As Johnny's tale plays out, we're treated to plenty more classics - Sandy Stewart doing the ridiculously awesome 'Playmates' as well as 'Heavenly Father,' Clanton performing 'My Love Is Strong,' 'Once Again,' 'Don't You Know' and 'Ship On A Stormy Sea,' Chuck Berry duckwalking like a champ to 'Memphis Tennessee' and 'Little Queenie,[ The Cadillacs doing [Jay Walker[ (complete with a sketch wherein the cops shake down our titular petty criminal) and 'Please, Mr. Johnson', Jackie Wilson blasting through 'You Better Know It' and Ritchie Valens cranking through 'Ooh! My Head.' Of course, none of this is really done live, it's all lip-synched, but it doesn't really matter, it's still a lot of fun to see.
Also released as Johnny Melody, The Swinging Story and The Swinging Story of Johnny Melody, this isn't a particularly deep film nor is the story at all surprising, but Clanton is a likeable enough guy and fun to watch here. Maybe not too surprisingly, it's the scenes with Alan Freed and Chuck Berry just sort of hanging out that are more interesting. These are clearly scripted but there's a charming sort of stilted appeal, particularly to Berry's 'acting,' that is endearing in a weird sort of way. The whole thing was made fast and cheap, shot in five days for Hal Roach Productions, but it's a pretty great time capsule of an important era and an opportunity to see a lot of rock n roll royalty doing their thing in front of the camera.
Go, Johnny Go! arrives on DVD in a beautiful 1.78.1 anamorphic widescreen transfer that is virtually pristine. This might have been shot fullframe but the compositions look good here, there aren't any heads being chopped off or anything like that. Contrast looks nice, detail is just fine for a standard definition presentation and there's really almost no print damage here at all.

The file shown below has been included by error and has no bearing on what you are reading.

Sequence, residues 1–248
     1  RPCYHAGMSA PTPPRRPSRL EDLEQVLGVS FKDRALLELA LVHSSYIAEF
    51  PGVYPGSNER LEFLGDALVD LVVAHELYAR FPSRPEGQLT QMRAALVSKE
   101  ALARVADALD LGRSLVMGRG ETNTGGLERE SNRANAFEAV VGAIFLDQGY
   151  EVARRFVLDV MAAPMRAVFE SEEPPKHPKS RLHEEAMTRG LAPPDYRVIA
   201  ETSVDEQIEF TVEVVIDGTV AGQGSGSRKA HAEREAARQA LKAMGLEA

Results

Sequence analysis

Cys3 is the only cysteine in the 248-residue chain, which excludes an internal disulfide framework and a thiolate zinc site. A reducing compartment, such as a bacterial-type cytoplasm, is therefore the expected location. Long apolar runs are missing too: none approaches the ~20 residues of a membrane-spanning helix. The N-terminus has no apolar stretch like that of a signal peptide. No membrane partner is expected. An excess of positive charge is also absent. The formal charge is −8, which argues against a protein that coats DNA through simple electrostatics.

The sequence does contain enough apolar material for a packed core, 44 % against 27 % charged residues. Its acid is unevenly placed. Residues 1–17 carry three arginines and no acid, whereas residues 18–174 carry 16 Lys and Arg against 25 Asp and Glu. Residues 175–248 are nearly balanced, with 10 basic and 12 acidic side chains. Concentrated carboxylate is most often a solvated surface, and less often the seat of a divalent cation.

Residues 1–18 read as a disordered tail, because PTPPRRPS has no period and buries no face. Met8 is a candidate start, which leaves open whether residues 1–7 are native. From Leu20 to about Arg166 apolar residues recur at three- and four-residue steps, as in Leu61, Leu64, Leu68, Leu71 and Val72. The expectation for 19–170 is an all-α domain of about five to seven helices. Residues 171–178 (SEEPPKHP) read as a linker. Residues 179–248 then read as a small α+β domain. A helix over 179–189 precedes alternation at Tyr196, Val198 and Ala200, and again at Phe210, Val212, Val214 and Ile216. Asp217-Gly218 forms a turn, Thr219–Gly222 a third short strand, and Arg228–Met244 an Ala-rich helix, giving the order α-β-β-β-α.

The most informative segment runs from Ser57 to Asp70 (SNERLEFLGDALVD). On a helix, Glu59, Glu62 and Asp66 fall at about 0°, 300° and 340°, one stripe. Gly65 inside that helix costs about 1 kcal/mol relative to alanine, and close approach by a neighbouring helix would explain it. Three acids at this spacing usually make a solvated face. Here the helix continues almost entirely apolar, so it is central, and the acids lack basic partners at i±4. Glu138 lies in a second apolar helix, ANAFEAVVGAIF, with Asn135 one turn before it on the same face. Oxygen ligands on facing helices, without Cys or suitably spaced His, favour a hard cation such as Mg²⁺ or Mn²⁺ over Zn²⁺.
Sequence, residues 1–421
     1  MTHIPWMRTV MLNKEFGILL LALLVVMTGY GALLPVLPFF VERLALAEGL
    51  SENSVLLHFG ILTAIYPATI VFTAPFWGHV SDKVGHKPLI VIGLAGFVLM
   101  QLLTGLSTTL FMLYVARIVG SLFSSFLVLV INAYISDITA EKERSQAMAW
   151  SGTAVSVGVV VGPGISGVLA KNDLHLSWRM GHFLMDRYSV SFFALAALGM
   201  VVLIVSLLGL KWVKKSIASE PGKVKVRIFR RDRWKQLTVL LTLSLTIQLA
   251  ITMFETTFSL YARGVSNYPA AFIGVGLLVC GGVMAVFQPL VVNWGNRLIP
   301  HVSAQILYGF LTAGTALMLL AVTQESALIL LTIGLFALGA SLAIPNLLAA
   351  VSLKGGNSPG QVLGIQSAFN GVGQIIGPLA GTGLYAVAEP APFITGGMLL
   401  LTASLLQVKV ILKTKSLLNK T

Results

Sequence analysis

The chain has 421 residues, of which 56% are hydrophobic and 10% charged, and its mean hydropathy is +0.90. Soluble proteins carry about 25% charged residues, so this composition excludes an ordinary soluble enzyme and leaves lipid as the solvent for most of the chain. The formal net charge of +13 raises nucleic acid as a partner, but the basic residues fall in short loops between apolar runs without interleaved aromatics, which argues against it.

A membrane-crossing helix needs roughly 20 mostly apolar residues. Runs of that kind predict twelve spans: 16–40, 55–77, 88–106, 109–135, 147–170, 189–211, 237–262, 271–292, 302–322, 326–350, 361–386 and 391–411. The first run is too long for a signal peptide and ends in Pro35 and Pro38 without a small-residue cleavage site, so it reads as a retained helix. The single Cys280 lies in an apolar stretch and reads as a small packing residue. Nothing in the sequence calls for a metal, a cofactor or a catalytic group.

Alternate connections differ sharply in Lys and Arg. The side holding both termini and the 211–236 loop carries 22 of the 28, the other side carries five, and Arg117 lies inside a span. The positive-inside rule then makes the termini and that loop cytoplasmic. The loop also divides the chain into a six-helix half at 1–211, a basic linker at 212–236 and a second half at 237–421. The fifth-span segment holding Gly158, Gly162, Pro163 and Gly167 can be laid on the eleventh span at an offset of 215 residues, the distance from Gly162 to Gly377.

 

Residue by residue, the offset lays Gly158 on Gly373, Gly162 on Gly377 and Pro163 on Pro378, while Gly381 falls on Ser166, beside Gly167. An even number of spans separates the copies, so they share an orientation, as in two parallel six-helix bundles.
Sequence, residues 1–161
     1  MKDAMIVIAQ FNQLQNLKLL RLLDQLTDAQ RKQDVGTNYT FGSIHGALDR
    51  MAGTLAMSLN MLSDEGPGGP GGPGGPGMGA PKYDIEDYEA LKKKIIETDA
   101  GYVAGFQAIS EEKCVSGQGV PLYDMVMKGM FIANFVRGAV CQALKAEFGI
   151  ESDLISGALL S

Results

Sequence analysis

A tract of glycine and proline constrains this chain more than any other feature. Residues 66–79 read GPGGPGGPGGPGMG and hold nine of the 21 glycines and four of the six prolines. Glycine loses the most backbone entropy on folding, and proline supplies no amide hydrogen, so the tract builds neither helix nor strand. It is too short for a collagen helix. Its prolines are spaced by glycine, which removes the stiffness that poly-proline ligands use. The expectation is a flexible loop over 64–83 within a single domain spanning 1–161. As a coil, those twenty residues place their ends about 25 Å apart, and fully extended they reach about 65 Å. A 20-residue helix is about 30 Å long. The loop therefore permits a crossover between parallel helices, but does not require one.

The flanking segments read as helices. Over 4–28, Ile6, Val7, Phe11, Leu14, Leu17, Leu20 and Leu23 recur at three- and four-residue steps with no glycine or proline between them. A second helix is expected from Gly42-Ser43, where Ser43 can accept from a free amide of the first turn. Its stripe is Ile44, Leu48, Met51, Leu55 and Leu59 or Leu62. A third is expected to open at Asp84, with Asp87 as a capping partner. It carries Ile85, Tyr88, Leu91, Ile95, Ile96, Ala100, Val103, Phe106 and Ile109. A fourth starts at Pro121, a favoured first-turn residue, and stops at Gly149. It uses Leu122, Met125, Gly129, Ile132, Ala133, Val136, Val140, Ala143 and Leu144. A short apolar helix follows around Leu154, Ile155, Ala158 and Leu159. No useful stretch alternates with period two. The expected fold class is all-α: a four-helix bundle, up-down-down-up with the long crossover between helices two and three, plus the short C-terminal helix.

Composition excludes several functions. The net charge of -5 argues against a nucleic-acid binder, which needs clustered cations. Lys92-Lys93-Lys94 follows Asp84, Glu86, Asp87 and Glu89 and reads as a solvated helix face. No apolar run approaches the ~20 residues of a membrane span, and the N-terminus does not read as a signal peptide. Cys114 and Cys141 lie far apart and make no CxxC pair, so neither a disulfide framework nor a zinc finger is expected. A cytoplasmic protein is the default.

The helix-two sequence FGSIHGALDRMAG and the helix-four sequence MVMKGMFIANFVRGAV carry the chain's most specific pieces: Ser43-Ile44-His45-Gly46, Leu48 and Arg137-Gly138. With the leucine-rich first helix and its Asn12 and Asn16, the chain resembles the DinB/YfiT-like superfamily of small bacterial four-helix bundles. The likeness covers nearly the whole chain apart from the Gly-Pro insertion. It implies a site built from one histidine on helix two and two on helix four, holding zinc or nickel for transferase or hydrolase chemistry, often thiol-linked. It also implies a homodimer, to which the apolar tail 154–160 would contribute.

The English language Dolby Digital Mono sound mix, the only one available on the disc, sounds just fine. It's clean, clear and properly balanced. While the limitations of the original recordings are occasionally obvious, you can't fault this for sounding how it's supposed to sound. No problems here. There are no alternate language options or subtitles provided.
Extras on the disc start off with a commentary track from Richard M. Roberts, Randy Skretvedt and Brent Walker. This track is basically a history lesson in the early days of rock n roll and in this particularly movie's part in mainstreaming it. They talk about Berry's place in the movie, how he looks out of place at the piano where he's clearly faking it and surprisingly not smoking a cigarette. They also talk about how black R&B records started catching on with 'the kids' in the early fifties, leading to the birth or rock n roll and the rise of artists like Elvis and plenty others. Lots of interesting stories here about early rock n roll shows and some of the chaos that ensued out of those spectacles, lots of talk about popular records of the day and their importance in the birth of the movement,
Additionally the disc includes an original theatrical trailer for the film, menus and chapter selection.
The Final Word:
Go, Johnny Go! isn't deep but it is pretty fun. Of course, the music is more likely to be the reason you'll want to seek this out than the story, and the acting is nothing to write home about, but the movie has plenty of quirky charm. The Sprocket Vault DVD looks and sounds just fine and contains an interesting commentary as its main supplement. R.I.P., Chuck!